Definition: To accomplish something convincingly
Example: Johnny passed his second driving test with flying colours. His first test had not been promising. There were still seven people in hospital.
The phrase ‘with flying colours‘ can be preceded by a number of words; ‘pass‘, ‘come through‘, ‘win‘, etc. All of the combinations mean ‘to succeed‘.
But what are these colours?
They have a naval origin. Ships used flags as a means of communication. Returning to port, victorious naval craft advertised their success with their flags unfurled for all to see. They would be ‘flying their colours‘. In contrast, a defeated ship would come into port with her flags lowered. She would be ‘striking her colours‘.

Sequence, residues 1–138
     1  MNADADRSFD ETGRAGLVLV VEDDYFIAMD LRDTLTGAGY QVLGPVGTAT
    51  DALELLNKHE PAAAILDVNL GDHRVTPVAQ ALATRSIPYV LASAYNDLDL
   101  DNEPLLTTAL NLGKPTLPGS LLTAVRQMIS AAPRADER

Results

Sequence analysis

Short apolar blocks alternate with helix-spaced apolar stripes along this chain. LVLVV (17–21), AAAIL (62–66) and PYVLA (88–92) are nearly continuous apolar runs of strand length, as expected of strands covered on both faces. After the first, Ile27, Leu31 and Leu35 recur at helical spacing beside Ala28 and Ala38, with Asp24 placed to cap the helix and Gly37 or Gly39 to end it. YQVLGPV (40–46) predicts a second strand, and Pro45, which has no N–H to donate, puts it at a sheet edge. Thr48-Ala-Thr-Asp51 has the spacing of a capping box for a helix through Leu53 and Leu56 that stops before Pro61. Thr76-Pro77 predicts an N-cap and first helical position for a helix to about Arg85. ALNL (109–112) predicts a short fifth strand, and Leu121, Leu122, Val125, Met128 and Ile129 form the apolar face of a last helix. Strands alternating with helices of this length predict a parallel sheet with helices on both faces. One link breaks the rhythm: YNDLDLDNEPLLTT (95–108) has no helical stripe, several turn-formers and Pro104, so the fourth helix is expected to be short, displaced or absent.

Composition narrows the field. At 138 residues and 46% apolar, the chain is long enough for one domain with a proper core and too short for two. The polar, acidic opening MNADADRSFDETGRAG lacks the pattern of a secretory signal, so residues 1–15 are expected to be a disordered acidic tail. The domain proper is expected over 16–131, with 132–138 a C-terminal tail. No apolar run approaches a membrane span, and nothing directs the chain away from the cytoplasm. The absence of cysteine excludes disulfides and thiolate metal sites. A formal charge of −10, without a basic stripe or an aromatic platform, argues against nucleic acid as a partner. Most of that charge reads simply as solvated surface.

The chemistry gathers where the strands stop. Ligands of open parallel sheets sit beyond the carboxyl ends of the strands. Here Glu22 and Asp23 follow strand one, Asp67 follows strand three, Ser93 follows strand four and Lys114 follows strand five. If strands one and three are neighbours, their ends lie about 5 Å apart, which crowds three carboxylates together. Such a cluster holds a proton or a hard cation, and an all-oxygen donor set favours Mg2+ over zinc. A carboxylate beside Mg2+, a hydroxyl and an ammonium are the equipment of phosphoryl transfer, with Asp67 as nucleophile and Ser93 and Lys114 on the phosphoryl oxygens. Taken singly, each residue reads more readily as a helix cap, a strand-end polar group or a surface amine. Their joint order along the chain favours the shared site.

There are a number of further colour related idioms, all relating to naval flag use:
- ‘Nail your colours to your mast‘ Flags fastened in such a way could not be lowered. It means to take a stand and not surrender.
- ‘Under false colours’ This means to deceive and is thought to relate to pirate ships using flags to trick other craft into coming near.
- ‘Go down with flying colours’ This is the only negative usage of our original idiom, meaning to fight to the end.
Iddy just wants his paint back. He’s never going to get that dining room redecorated at this rate.